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A whole new set of wheels

/ Source: NBC News

It’s a wheelchair that can tackle curbs, rise to new heights, and even climb stairs. For the past several years, the latest brainstorm of prolific inventor Dean Kamen has been undergoing rigorous testing by the Food and Drug administration, and “Dateline” has been given an unprecedented opportunity to observe. Does Kamen’s invention live up to its promise to take wheelchair riders just about anywhere they want to go?

For 49-year-old Rich Barbara, a wheelchair has been a trusted companion of nearly 30 years. Disabled in a climbing accident long ago, Rich and his chair have faced countless obstacles together. Some he plows over, hops up, and negotiates any way he can. Others he simply avoids, like steps. And there are all the things out of reach to a person sitting in a chair.

John Hockenberry: “I imagine in your 28 years you’ve asked somebody to get the Cream of Wheat down from the third shelf in the supermarket.”

Rich Barbara: “Sometimes. And there’s been times I’ve just rolled away.”

Yet these little dramas are mere subplots in Rich’s full life as a disabled man. He treasures his family and they treasure husband and dad, just the way he is. Yet Rich knows the edges of his world, where they can go and he cannot. For instance, at a park near his home in suburban Pittsburgh, he can roll with his sons up to a certain point, then no farther. Unable to negotiate the steep and winding path, Rich waits under a tree. Meanwhile, the boys continue down the trail to their favorite pond.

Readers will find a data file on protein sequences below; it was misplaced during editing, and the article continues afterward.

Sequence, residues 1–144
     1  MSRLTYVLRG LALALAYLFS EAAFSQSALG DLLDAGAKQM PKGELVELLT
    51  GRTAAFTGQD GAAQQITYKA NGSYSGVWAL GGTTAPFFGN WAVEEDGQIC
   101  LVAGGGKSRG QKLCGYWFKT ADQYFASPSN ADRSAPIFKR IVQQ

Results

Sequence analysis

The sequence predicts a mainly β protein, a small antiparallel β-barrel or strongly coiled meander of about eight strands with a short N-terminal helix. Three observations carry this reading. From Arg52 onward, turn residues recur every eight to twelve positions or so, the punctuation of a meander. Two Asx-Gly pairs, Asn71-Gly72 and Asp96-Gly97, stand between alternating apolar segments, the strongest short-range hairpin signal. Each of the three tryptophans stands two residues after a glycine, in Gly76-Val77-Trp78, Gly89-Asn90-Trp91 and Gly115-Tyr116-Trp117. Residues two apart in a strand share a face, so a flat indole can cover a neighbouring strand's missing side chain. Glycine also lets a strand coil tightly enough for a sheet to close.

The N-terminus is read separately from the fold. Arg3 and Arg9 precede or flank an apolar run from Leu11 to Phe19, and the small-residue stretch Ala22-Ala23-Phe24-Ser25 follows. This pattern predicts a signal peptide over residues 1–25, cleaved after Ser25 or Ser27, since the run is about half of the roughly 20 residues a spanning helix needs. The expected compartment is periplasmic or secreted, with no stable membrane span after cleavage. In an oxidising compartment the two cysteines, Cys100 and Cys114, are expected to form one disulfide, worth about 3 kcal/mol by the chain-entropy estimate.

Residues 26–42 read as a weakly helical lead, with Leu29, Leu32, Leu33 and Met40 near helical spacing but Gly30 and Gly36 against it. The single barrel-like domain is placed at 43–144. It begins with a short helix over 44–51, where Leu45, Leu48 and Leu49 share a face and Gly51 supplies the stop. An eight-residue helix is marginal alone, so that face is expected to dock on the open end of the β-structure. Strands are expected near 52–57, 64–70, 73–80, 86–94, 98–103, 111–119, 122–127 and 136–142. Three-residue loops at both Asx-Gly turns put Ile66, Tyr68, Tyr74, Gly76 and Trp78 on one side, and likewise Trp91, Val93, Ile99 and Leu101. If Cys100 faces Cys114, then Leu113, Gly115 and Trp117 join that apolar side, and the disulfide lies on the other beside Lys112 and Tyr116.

Barbara: “It’s another piece of their life that they’ve always wanted to share, that they’ve struggled to share with words.”

Words crossing boundaries that wheelchairs can’t. But Rich is in for a surprise. A device that will force him to reconsider virtually all the presumed boundaries in his world, a machine that will stir up Rich’s 30 years of assumptions about what wheelchairs can do. The inventor of this new machine claims the impact on all wheelchair users will be nothing short of revolutionary.

Dean Kamen: “It is rare to be associated with a project that is really a breakthrough in terms of thinking.”

Dean Kamen is one of this nation’s most prestigious inventors. He’s also the brain behind “It.” You remember “It,” revealed to be the much heralded two-wheeled device, the Segway, which Kamen says will solve urban congestion. For years, he’s been something of a medical Thomas Edison, inventing exotic drug pumps and this portable kidney dialysis machine.

Kamen: “I don’t work on a project unless I believe it will dramatically improve life for a whole bunch of people.”

When it came to wheelchairs, the big breakthrough for Kamen was envisioning a machine that could stand up and balance the way humans do.

Kamen: “Your mother remembers your first steps. It’s a big deal that humans walk erect. It’s difficult to do. But once we’ve learned to do it, we’re capable of dealing with curbs and a world with stairs.”

Kamen and his engineers came up with a balancing prototype that worked and became a top secret patented invention, crammed full of sophisticated gyroscopes, electric motors and computers.

In May of 1999, Kamen allowed “Dateline NBC” an exclusive peek at it. To our surprise, Kamen’s machine was actually more compact, and narrower than a traditional wheelchair.

Hockenberry: “So this looks like a fairly normal power wheelchair. It seems to have slightly different wheels. If you were on the street in this, people would think, oh, it’s just one of those power wheelchairs.”
Kamen: “John, I have to tell you this is not a wheelchair. This is an extraordinary machine.”